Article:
This is disappointing given Israel’s below-average track record in women governmental leaders. As Ynet detailed, the country’s Equal Employment Opportunities Commission called on International Women’s Day for the government to appoint more women. Women have never chaired any of the most important committees like defense or economics, usually comprise barely 7% – 16% of committee members, and only one woman has ever been Speaker of Knesset.

And we’re left wondering how effective the most familiar of our heroines will be from the opposition, where both Labor chairwoman Shelley Yachamovich and Meretz chairwoman Zahava Gal-On sit. Hopefully, the new women’s caucus will allow them to work collaboratively beyond their outsider positions.

More »

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Ultra-orthodox call for protest rally against Women of the Wall; support rallies organized all over Jewish America

This weekend, a poster appeared all over ultra-orthodox neighborhoods in Jerusalem against Women of the Wall‘s fight for gender equality at holy sites in Israel. The poster calls for ultra-Orthodox opposition to rally at the Western Wall tomorrow Monday, March 11 at 7 am.

And in Jerusalem and cities across America, Jews are rallying to support WoW:

Monday, March 11

  • Washington DC Friends of Women of the Wall’s solidarity service and program will be across from the Embassy of Israel on Monday, March 11. Sponsors include Am Kolel, Ameinu, New Israel Fund, Eizor Moshava-Habonim Dror, Temple Shalom Chevy Chase, Temple Micah, and Washington Friends of Women of the Wall.
  • Seal Beach, California: Rabbi Galit Levy-Slater is holding a congregational solidarity event.

Tuesday, March 12

  • Join Women of the Wall at the Kotel in Jerusalem: A mini-bus (one way) leaves from Gan Hapaamon at 6:30 AM. (RSVP required at wowhebrew@gmail.com.)
  • New York’s Wake up for Religious Tolerance! solidarity minyan at 9 am on the north side of Union Square Park. Sponsors include Mechon Hadar, Romemu, Kolot Chayeinu, New Israel Fund, Bnai Jeshurun, Lillith Magazine, Town & Village Synagogue, Ansche Chesed, Society for the Advancement of Judaism, East End Temple, Jewish Theological Seminary, the National Council of Jewish Women, and many more. (See flyer here.)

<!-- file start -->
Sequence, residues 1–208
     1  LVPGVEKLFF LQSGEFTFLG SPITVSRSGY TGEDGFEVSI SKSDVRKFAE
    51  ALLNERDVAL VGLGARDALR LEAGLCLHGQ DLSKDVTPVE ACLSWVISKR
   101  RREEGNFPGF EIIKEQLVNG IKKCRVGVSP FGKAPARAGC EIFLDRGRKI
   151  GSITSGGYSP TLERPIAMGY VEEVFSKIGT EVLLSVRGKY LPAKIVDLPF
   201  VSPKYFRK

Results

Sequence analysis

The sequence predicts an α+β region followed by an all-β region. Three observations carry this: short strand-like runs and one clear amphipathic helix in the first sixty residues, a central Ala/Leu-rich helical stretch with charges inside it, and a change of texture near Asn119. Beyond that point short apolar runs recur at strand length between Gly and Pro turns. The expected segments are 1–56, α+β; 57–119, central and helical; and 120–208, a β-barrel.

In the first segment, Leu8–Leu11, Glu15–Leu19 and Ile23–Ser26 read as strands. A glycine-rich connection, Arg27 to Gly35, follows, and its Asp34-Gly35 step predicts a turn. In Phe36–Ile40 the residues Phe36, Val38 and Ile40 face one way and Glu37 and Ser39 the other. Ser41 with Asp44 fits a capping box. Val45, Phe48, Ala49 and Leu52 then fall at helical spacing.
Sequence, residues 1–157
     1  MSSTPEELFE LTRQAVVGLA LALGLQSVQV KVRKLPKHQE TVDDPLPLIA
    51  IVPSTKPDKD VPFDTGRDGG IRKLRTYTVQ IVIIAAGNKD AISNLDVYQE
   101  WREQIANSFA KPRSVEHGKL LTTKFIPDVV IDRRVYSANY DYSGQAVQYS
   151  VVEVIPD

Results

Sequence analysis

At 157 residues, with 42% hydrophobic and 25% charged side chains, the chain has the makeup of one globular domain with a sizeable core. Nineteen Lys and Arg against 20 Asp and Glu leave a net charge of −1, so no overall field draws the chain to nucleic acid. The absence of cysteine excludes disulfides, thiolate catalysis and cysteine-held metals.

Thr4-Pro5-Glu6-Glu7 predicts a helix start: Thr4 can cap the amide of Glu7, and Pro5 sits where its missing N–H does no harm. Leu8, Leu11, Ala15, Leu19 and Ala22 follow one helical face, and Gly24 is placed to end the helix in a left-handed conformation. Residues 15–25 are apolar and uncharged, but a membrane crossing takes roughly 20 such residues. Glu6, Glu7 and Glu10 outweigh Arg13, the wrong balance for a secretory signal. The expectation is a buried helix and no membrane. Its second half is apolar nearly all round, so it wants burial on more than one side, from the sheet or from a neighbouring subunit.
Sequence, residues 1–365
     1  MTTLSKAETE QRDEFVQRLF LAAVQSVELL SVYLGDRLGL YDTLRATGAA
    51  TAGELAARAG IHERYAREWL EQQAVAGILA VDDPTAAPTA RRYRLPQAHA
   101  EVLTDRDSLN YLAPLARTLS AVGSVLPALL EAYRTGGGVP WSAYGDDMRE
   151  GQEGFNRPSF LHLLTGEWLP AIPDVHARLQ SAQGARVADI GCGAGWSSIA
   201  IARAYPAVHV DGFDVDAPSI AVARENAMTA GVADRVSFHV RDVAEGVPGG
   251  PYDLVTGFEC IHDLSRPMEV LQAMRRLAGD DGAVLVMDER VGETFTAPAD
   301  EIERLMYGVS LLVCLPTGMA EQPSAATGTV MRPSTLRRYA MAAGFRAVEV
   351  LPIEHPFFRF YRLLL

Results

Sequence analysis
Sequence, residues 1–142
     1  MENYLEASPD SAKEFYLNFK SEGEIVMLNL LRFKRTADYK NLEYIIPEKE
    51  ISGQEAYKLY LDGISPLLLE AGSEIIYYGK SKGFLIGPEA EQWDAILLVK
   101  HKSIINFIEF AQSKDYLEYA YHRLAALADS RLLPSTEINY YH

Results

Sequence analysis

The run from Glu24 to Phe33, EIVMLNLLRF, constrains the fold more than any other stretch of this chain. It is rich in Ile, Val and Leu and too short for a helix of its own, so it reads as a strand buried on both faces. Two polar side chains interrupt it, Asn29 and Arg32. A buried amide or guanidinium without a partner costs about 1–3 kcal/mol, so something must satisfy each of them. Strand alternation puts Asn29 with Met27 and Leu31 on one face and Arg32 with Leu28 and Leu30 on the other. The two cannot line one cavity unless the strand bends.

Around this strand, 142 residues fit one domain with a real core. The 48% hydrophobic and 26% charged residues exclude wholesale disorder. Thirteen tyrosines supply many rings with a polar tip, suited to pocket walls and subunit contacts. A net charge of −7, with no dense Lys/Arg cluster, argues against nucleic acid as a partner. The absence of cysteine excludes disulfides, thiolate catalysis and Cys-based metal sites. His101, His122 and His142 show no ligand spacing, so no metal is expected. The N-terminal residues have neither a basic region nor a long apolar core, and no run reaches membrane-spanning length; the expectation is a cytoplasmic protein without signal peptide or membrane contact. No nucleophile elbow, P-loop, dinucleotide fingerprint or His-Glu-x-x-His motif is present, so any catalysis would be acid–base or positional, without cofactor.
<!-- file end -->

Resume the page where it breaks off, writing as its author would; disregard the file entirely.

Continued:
Sunday, March 19

  • San Francisco Friends of WOW will meet for a sing-in outside of their Israeli consulate at 11 am. RSVP to sdembitz@gmail.com.

Men being “nice”: Another look at partnership minyanim

“Men come to the partnership synagogue for a whole host of reasons,
the overwhelming majority of which have nothing to do with feminism.”
-The Men’s Section

The Men’s Section is about the men’s side of partnership minyanim in Israel–their reasons for joining and their difficulties after joining. The author was clearly distressed by her own findings, which even I admit were surprising. Partnership minyanim are generally seen as being the “next step” to equality and gender balance. Admittedly, her research is Israel-centric, but one thing was clear: men weren’t joining out of a sense of feminism. In fact, what we know as the ideal of feminism was actually one of the difficulties men had with the minyanim!

Many of the men interviewed reported that they didn’t feel a sense of community in their old shuls, or they felt an emotional disconnect, or that they felt constant pressure to be perfect (the “man-on-man gaze”), or that they were dissatisfied with the hierarchies. Note that none of this has anything to do with women. In fact, many of the problems reported by men were with the women–that they had their own incorrect “women’s trope,” or that they didn’t come on time. The fact that women were never taught the trope as meticulously as men were wasn’t discussed, and as Sztokman observed, women were expected to prepare meals for shabbos, and take care of the children, and still show up on time and stay throughout the service. She found that these men will let women into “their space” via the partnership minyanim only if they are willing to abide by the same rules by which the men were socialized. The irony is that these are the very rules and patterns that the men hoped to escape by joining these minyanim.